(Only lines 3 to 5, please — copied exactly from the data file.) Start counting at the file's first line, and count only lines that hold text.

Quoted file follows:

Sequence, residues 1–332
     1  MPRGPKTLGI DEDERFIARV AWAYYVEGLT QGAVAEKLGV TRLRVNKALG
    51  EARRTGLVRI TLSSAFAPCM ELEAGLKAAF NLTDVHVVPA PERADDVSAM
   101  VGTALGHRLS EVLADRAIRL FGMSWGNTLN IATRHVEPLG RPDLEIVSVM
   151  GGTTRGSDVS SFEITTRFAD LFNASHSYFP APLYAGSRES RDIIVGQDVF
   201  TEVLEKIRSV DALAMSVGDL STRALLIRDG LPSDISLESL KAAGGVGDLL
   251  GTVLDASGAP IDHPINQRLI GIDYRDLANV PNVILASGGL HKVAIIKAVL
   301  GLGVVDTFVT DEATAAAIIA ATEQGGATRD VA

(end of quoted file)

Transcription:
    51  EARRTGLVRI TLSSAFAPCM ELEAGLKAAF NLTDVHVVPA PERADDVSAM
   101  VGTALGHRLS EVLADRAIRL FGMSWGNTLN IATRHVEPLG RPDLEIVSVM
   151  GGTTRGSDVS SFEITTRFAD LFNASHSYFP APLYAGSRES RDIIVGQDVF